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Laver, William Adolphus (1866–1940)

by Thérèse Radic

This article was published in Australian Dictionary of Biography, Volume 10, (MUP), 1986

William Adolphus Laver (1866-1940), violinist and professor of music, was born on 20 August 1866 at Castlemaine, Victoria, fourth of seven surviving sons of Jonas Laver, farmer, and his wife Mary Ann, née Fry. William (Willie to intimates) probably attended the local Castlemaine school. It is not known from whom he received his early violin tuition. In 1881 the famous German violinist August Wilhelmj heard Laver play and, impressed with the boy's potential, offered to have him trained in Germany. Jonas had died in 1880; his widow refused Wilhelmj's offer, but in 1882, she undertook the journey with William and three other sons Arthur, Rudolph and Ralph. They were accompanied by an old family friend Otto Jung who had become guardian of the under-age boys when their father died and who continued to care for them after their mother's death at Frankfurt-am-Main in 1885 or 1886.

At the Hoch Conservatory of Music at Frankfurt William's teachers were Professor Bernhard Scholz, Hugo Heermann, Bernhard Cossmann, James Kwast and Ivan Knorr. Laver was admitted to the intimate circle surrounding Brahms, and Frederic Lamond, considered the greatest Beethoven pianist of the day, became his closest friend. In 1882 Laver was the student chosen by the school to attend the first performance of Wagner's Parsifal at Bayreuth; later he became an authority on Wagner.

In 1887 Clara Schumann offered Laver a conducting post at Nottingham, England. He refused on hearing that Francis Ormond was to establish a chair of music at the University of Melbourne. Though not yet 22 and with his studies unfinished, he applied for the position, travelling to London to lobby the selection committee, and mounting a vigorous campaign in Australia through his brothers and their contacts. He arrived in Melbourne on 13 May 1889 with detailed plans for a conservatorium on the Frankfurt model. Neither the attempt to realize these plans nor his application for the chair was successful. He was declared below the age limit for the professorship and lost the appointment in 1890 to G. W. L. Marshall-Hall.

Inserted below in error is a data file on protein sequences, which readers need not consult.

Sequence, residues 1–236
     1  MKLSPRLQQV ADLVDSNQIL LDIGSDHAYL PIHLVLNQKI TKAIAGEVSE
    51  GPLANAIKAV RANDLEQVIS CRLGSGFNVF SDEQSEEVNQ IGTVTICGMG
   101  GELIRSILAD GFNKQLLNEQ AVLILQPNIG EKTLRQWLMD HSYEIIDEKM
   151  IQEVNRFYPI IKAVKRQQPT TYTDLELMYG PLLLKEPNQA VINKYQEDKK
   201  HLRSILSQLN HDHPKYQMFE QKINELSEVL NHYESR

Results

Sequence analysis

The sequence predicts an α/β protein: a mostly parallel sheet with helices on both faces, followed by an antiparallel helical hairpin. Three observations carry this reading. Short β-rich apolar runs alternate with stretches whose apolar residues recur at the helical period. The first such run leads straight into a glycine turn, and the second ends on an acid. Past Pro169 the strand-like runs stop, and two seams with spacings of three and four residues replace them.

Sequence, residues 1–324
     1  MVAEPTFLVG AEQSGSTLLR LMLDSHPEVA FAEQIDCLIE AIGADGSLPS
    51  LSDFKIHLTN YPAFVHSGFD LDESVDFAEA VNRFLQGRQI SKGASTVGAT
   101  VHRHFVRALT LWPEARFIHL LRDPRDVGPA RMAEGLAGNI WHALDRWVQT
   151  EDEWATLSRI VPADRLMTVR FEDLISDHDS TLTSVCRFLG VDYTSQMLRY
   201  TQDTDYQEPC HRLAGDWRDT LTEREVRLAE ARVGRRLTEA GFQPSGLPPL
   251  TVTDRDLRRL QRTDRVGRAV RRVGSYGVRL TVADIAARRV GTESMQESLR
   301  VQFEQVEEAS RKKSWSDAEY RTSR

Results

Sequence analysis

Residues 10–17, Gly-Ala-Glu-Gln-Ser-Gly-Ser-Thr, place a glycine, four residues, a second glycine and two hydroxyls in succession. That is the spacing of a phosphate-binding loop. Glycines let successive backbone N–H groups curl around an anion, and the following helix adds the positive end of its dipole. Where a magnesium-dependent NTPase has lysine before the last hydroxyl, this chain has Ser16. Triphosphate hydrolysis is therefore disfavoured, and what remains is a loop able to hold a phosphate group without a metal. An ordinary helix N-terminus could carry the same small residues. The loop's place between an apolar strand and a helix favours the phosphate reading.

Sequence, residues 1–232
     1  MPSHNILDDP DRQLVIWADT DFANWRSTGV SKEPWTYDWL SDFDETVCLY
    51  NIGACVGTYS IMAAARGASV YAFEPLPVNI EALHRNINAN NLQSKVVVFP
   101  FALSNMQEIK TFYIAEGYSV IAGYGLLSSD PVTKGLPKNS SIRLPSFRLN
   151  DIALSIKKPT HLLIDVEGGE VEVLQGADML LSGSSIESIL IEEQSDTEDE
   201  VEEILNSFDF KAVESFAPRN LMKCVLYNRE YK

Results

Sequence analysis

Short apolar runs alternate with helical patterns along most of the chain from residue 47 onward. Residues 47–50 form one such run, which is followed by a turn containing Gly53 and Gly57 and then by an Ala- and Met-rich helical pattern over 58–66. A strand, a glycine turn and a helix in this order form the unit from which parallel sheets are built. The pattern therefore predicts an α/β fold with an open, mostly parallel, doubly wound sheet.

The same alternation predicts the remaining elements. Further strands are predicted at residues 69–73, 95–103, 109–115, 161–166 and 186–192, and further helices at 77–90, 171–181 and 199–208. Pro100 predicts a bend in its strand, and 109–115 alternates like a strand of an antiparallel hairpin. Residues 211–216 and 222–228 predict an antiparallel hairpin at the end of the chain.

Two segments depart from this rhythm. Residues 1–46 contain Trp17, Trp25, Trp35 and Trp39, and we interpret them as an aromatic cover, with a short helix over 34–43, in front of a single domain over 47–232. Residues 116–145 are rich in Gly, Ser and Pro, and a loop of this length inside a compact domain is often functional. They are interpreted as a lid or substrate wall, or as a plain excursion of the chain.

Laver established himself in Melbourne as a private teacher and on 7 March 1894 at Brighton, with Presbyterian forms, he married one of his pupils, Agnes Grant MacIntyre Robertson. Common interests had drawn him into friendship with Marshall-Hall, despite his own rather withdrawn temperament and Marshall-Hall's flamboyance, and in 1894 he offered his plans and private practice as a basis for a university school of music. The proposal was accepted and on 28 February 1895, when Laver was acting professor during Marshall-Hall's study leave, the university's Conservatorium of Music was opened in the Queen's Coffee Palace, Rathdowne Street, Carlton; within a few years it was rehoused in Albert Street, East Melbourne, and in 1910 in a new building in the university grounds. Two of Laver's students from the 1890s, Adelaide Burkitt and William Murdoch, won international fame, while Percy Grainger's attendance at the Hoch Conservatory may have stemmed from Laver's advice.